Details Descriptions About :: Hemorrhoids

 Hemorrhoids are painful, swollen veins in the lower portion of the rectum or anus. They’re very common, especially during pregnancy and after childbirth. They result from increased pressure in the veins of the anus, which causes the veins to bulge and expand, making them painful, especially while sitting. Age Alert Incidence of hemorrhoids is generally highest between ages 20 and 50.

Causes for Hemorrhoids

Causes Straining at defecation, constipation, low-fiber diet Pregnancy Obesity Prolonged sitting Predisposing factors Hepatic disease, such as amebic abscesses or hepatitis Alcoholism Anorectal infections

Pathophysiology Hemorrhoids

Pathophysiology Hemorrhoids are varicosities in the superior or inferior hemorrhoidal venous plexus. Dilation and enlargement of the plexus of superior hemorrhoidal veins above the dentate line cause internal hemorrhoids. Enlargement of the plexus of inferior hemorrhoidal veins below the dentate line causes external hemorrhoids, which may protrude from the rectum. Hemorrhoids result from activities that increase intravenous pressure, causing distention and engorgement. Hemorrhoids are classified according to severity. First-degree—confined to the anal canal Second-degree—prolapse during straining but reduce spontaneously Third-degree—prolapse and require manual reduction after each bowel movement Fourth-degree—irreducible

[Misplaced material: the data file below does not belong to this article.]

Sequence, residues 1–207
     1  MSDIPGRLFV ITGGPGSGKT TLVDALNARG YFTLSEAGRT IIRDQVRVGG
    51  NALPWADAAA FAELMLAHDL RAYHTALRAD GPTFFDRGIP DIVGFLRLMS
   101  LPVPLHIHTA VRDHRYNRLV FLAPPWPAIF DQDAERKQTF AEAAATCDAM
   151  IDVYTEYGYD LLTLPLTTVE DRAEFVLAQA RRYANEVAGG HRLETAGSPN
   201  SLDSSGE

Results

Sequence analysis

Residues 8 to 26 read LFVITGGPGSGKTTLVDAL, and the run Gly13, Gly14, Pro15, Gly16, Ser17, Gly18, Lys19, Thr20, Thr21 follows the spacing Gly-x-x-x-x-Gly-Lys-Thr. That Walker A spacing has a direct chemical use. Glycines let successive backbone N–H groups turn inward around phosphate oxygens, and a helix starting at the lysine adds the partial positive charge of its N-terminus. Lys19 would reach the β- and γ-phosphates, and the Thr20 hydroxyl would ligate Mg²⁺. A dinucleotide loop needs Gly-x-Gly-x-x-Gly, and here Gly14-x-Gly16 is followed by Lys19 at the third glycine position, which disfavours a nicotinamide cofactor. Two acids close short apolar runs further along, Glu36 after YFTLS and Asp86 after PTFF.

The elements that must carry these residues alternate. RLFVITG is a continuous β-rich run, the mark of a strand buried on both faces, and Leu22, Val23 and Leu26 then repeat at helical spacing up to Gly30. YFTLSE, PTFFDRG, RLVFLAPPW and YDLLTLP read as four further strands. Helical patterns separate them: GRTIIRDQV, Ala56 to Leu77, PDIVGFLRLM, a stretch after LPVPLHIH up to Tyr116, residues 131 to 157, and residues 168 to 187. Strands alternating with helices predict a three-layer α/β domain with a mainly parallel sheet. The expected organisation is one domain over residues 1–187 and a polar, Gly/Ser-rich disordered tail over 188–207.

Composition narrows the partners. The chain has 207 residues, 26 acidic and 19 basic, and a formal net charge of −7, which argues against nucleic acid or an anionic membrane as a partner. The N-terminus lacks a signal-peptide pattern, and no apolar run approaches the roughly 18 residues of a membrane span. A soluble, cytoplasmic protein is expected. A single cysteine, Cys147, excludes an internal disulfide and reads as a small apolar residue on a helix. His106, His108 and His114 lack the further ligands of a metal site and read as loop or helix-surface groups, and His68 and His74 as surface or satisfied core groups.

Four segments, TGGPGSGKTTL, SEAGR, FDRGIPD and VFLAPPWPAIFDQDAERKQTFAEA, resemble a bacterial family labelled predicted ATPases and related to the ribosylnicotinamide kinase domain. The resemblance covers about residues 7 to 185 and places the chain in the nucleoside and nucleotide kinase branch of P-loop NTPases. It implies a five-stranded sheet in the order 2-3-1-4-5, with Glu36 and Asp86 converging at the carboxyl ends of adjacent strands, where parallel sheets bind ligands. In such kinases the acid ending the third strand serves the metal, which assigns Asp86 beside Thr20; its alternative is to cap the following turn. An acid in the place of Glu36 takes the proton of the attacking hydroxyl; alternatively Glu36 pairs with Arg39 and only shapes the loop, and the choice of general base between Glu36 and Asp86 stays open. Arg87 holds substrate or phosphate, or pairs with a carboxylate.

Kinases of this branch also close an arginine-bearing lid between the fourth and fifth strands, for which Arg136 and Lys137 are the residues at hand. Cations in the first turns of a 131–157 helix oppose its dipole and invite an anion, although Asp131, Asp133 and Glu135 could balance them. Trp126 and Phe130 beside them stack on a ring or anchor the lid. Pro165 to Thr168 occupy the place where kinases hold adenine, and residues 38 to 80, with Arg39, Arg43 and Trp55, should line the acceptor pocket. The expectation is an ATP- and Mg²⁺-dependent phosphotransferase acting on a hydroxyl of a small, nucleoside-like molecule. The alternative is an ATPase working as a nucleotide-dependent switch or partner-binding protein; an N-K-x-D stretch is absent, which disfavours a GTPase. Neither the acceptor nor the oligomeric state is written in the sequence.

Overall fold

Signs and symptoms Hemorrhoids

Signs and symptoms Bright red blood on outside of the stool or on toilet tissue Painless, intermittent bleeding during defecation (internal hemorrhoids) Anal itching, vague anal discomfort Prolapse of rectal mucosa Pain Hard, tender lumps near anus

Diagnostic Lab Test results

Diagnostic test results Physical examination confirms external hemorrhoids. Anoscopy shows internal hemorrhoids. Flexible sigmoidoscopy reveals internal hemorrhoids. Complete blood count shows decreased hemoglobin level and hematocrit. Fecal occult blood testing is positive for blood in stool.

Treatment for Hemorrhoids

Treatment High-fiber diet, increased fluid intake, bulking agents Avoidance of prolonged sitting on the toilet; avoidance of straining Local anesthetic agents, hydrocortisone cream, suppositories Warm sitz baths Injection sclerotherapy or rubber band ligation Hemorrhoidectomy

 

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